When asked if the team will roster a third quarterback like Rourke for the season, or stash him on the practice squad, Taylor said that the situation is fluid and based on need at the time.
“I don’t know if there is one blanket philosophy we have on that situation necessarily,” Taylor said. “Part of it, you take the health of your quarterback at the moment.”
Taylor said the team has had conversations about keeping a third quarterback through the year, hearkening to the situation the San Francisco 49ers were put through last season.
When asked about another roster spot of note, a potential sixth wide receiver, Taylor echoed his answer about quarterback depth.
“It is all case by case,” Taylor said.
Taylor said that both the offensive and defensive coaches have input in regard to backup positions like a sixth wide receiver.
According to the coordinator, a fifth wide receiver only gets four or five snaps a game anyway, so a sixth guy will have to serve multiple positions on the team.
A player who is gunning for a potential sixth wide receiver role is Jacob Harris, someone Taylor has been impressed by.
Harris, in his third year in the league, has caught two balls for 65 total yards this preseason.
His stats in the passing game may be light, but Taylor said he has liked what Harris brings to the table in terms of run blocking.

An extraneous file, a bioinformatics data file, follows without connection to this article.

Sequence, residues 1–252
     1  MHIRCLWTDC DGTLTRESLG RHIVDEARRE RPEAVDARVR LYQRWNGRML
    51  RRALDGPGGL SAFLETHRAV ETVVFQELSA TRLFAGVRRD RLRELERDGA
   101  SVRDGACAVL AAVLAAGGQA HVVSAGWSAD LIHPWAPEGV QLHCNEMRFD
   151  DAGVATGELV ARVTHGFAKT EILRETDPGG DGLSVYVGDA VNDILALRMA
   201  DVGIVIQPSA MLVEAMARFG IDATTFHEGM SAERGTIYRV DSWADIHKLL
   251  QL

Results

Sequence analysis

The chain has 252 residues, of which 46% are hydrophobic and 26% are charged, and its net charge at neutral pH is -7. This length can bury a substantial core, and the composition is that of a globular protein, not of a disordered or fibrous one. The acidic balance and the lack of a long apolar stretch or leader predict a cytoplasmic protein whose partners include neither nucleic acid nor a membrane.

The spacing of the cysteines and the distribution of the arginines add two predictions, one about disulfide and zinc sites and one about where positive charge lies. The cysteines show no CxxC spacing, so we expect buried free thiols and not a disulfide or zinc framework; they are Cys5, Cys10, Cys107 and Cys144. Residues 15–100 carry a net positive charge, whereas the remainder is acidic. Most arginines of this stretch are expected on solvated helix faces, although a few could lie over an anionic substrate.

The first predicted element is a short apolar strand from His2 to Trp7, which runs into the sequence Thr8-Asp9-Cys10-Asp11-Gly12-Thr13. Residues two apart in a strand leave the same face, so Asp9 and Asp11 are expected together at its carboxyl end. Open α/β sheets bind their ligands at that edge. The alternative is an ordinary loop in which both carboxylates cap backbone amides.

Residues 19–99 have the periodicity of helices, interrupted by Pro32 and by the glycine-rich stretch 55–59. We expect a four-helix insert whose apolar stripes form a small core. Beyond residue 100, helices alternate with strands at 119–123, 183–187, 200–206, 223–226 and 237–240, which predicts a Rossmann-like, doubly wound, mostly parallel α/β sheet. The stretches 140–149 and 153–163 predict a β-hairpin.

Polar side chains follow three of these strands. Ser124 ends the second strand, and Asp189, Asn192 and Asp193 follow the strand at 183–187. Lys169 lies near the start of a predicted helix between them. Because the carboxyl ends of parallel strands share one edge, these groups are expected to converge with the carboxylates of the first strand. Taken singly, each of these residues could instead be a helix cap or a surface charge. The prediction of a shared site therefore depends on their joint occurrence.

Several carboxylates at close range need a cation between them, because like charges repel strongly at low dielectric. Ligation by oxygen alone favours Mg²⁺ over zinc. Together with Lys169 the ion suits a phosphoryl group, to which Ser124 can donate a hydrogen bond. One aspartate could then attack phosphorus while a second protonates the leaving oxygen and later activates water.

“Jacob has done a good job so far,” Taylor said. “There have only been so many opportunities where it has been live. He is a guy who has done it in this league in competitive situations so he has the tape out there, plus the things we have seen from him. We feel like (run blocking) is a role he can certainly contribute to.”
Jacob Harris is with the #Jaguars’ starting WRs as the rest of the team works on special teams.— Juston W. Lewis (@JustonLewis_) August 22, 2023
It’s the first time in camp I’ve seen him with them during this period.
Could be nothing. Could be something. pic.twitter.com/9Hdzm4W1EP
The team’s usual run blockers– the tight ends– have mostly dominated during the preseason. Taylor said that all goes back to head coach Doug Pederson’s tradition with top-tier tight ends like Travis Kelce or Zach Ertz.
“I think it is just the way he sees things and features the best possible matchups,” Taylor said of how Pederson gets the most out of tight ends. “Certainly tight ends, and dominating the middle of the field, you hope you have the talent at that position to exploit that matchup. That is something Evan (Engram} brings to us. Brenton (Strange) continues to have a role moving forward.”
Strange was real good vs. Detroit. He gave Lions first round LB Jack Campbell some fits https://t.co/jxtxh3X3Ra— John Shipley (@_John_Shipley) August 23, 2023
Taylor did note that even in just one season, he and Pederson likely produced the best wide receiver numbers they have ever put together in their years of coaching with one another.
However, what is in the past is in the past. The Super Bowl is not played in August or September. The road is long and winding for the Jaguars now, and the team can only go back to past successes less and less as the days go on.
“It is a down-to-down league,” Taylor said. “You have to bring it every time, you have to execute regardless of the circumstance.”